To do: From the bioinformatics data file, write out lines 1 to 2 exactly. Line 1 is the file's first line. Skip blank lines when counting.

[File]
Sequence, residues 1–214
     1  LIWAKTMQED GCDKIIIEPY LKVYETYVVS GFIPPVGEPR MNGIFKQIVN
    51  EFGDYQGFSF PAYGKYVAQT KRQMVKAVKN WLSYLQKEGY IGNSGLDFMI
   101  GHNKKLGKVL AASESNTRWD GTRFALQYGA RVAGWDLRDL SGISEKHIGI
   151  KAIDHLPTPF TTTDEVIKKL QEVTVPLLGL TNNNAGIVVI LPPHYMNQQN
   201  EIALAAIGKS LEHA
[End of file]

Sequence, residues 1–214
     1  LIWAKTMQED GCDKIIIEPY LKVYETYVVS GFIPPVGEPR MNGIFKQIVN